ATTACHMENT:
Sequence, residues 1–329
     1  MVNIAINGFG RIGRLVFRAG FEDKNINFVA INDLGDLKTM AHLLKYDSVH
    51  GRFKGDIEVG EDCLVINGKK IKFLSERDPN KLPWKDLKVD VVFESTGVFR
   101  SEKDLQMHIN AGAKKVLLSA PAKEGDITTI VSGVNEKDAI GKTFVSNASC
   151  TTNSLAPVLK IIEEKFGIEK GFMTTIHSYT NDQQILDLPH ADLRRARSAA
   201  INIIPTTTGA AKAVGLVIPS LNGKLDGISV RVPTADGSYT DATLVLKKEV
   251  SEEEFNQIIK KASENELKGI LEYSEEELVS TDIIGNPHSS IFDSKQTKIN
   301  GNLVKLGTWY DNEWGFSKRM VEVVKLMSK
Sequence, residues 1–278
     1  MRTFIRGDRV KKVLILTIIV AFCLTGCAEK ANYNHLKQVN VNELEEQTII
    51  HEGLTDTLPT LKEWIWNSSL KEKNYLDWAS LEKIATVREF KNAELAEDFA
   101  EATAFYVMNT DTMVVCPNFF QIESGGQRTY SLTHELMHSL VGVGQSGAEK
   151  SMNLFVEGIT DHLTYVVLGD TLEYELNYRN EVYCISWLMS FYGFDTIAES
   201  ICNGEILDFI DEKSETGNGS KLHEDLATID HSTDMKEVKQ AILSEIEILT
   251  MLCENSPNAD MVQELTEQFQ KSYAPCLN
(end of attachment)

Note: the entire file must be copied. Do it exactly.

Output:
Sequence, residues 1–329
     1  MVNIAINGFG RIGRLVFRAG FEDKNINFVA INDLGDLKTM AHLLKYDSVH
    51  GRFKGDIEVG EDCLVINGKK IKFLSERDPN KLPWKDLKVD VVFESTGVFR
   101  SEKDLQMHIN AGAKKVLLSA PAKEGDITTI VSGVNEKDAI GKTFVSNASC
   151  TTNSLAPVLK IIEEKFGIEK GFMTTIHSYT NDQQILDLPH ADLRRARSAA
   201  INIIPTTTGA AKAVGLVIPS LNGKLDGISV RVPTADGSYT DATLVLKKEV
   251  SEEEFNQIIK KASENELKGI LEYSEEELVS TDIIGNPHSS IFDSKQTKIN
   301  GNLVKLGTWY DNEWGFSKRM VEVVKLMSK
Sequence, residues 1–278
     1  MRTFIRGDRV KKVLILTIIV AFCLTGCAEK ANYNHLKQVN VNELEEQTII
    51  HEGLTDTLPT LKEWIWNSSL KEKNYLDWAS LEKIATVREF KNAELAEDFA
   101  EATAFYVMNT DTMVVCPNFF QIESGGQRTY SLTHELMHSL VGVGQSGAEK
   151  SMNLFVEGIT DHLTYVVLGD TLEYELNYRN EVYCISWLMS FYGFDTIAES
   201  ICNGEILDFI DEKSETGNGS KLHEDLATID HSTDMKEVKQ AILSEIEILT
   251  MLCENSPNAD MVQELTEQFQ KSYAPCLN